We now know how Iowa City Police say a young man was shot while driving on an Iowa City highway last month.

According to the Iowa City Police Department, 69-year-old Philip Olson of Iowa City is the man who shot a 20-year-old driver on Highway 6, early in the evening of October 17.

In a media release this morning, Iowa City Police say that Olson fired a .22 caliber air rifle from his home next to Highway 6, attempting to shoot a squirrel. That happened at around 6:30 p.m. on October 17, about the same time police were called to an accident at Highway 6 and Sycamore St. There they found a man with a gunshot wound that "appeared to be a wound consistent with a small-caliber projectile". The driver, who has since been identified by his family as Gabe Heefner, was taken by ambulance to the University of Iowa Hospitals and Clinics.

Three days later, on October 20, after hearing about the incident on Highway 6, Olson went to the Iowa City Police Department (ICPD). He told authorities he had fired at a squirrel at about that time and had missed.

Police say that Olson's air rifle discharges pellets. The ICPD release states,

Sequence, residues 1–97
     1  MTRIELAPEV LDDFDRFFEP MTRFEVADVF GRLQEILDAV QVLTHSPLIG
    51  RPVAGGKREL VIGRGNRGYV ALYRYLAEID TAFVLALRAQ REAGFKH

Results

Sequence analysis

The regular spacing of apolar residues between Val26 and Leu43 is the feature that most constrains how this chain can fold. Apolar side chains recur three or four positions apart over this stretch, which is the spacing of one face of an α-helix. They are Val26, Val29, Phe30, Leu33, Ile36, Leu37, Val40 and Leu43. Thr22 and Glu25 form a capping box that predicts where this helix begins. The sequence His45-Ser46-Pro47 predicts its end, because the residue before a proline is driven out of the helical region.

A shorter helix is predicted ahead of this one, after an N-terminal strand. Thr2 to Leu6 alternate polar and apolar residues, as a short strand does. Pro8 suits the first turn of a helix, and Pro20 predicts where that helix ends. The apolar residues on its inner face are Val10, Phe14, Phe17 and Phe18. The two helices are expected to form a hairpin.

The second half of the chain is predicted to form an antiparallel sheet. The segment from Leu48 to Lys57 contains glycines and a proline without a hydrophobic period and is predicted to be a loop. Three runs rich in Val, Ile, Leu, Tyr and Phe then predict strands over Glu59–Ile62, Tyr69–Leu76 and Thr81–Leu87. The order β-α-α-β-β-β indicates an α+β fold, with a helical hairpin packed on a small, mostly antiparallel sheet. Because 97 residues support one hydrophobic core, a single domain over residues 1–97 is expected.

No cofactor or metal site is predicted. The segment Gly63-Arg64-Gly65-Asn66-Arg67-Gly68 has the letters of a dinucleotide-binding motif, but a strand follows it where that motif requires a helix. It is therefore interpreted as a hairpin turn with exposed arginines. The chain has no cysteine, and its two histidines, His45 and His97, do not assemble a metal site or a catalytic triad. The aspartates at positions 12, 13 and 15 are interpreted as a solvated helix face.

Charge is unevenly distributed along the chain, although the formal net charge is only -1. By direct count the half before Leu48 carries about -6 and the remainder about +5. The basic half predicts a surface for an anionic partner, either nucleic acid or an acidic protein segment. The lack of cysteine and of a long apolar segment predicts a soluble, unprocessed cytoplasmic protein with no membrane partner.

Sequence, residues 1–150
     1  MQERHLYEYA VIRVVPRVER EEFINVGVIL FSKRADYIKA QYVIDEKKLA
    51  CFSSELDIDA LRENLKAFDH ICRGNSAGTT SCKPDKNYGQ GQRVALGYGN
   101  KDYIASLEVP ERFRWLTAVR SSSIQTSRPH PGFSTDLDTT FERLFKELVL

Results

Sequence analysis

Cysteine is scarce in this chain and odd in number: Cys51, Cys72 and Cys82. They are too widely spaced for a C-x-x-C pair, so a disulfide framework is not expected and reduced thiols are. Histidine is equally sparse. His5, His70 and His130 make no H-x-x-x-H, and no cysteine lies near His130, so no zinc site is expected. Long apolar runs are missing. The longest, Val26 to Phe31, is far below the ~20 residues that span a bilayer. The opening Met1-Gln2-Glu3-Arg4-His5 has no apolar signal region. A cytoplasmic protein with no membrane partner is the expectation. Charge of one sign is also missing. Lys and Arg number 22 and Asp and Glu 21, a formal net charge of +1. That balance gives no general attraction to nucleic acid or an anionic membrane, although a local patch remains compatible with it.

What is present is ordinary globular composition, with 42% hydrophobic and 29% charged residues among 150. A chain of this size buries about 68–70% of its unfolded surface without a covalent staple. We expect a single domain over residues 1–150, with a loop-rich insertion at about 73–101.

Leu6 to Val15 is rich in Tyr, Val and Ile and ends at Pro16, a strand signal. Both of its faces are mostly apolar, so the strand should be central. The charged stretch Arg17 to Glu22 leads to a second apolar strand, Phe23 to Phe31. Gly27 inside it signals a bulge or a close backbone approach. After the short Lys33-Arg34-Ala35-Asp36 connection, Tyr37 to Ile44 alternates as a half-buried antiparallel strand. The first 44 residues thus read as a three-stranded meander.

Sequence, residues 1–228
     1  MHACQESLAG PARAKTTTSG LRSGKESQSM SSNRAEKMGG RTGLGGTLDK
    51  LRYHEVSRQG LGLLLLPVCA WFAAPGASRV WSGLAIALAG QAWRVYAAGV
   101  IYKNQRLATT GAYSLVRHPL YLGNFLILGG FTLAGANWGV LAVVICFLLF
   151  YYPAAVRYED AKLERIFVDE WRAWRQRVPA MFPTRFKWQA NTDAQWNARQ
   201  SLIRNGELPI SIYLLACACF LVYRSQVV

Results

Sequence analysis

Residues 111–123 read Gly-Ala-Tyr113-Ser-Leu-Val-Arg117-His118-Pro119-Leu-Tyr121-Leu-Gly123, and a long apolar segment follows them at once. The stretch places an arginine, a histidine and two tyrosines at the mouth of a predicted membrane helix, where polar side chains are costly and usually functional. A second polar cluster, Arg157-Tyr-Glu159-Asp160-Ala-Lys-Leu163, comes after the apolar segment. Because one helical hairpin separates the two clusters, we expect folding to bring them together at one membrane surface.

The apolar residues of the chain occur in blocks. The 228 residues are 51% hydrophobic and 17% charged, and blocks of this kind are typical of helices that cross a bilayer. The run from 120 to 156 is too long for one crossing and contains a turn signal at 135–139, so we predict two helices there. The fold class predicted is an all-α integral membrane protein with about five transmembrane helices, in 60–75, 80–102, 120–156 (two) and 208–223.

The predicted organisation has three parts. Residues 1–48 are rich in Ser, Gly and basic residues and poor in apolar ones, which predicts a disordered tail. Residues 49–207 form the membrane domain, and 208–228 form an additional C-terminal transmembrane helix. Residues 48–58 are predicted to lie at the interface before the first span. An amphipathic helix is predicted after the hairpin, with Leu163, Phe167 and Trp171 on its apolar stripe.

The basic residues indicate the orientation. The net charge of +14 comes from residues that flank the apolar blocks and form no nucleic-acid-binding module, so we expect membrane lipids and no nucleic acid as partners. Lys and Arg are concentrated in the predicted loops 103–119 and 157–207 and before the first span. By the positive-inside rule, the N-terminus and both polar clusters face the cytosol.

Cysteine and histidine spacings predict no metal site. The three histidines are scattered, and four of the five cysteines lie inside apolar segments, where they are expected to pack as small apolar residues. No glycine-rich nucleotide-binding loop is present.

Such weapons are different than traditional firearms which use gunpowder to generate energy to launch a projectile. However, the air pressure generated creates enough force to injure or kill. Despite the potential for death or injury, Iowa law does not define such guns as firearms or per se dangerous weapons (a device specifically identified as a dangerous weapon in the Iowa Code).

Olson has been charged with violating a city code that prohibits the use of "any air rifle, toy pistol, toy gun or other toy arms or slingshot" within City limits.

There are also four different Iowa Department of Natural Resources violations that Olson is being charged with. They are: Hunting without a license; Hunting without a habitat fee; Unlawful take or attempt to take of squirrels; Shooting a rifle over a highway.

Gabe Heefner, a U.S. Marine who was in town visiting his grandparents before a 3-year deployment to Japan, remains hospitalized at the University of Iowa Hospitals and Clinics.

Iowa City Police say that they, along with the Johnson County Attorney’s Office, and the victim's family "are committed to working towards legislative change to define these weapons as firearms or per se dangerous weapons as they do in several other states".

Nile Heefner
Nile Heefner

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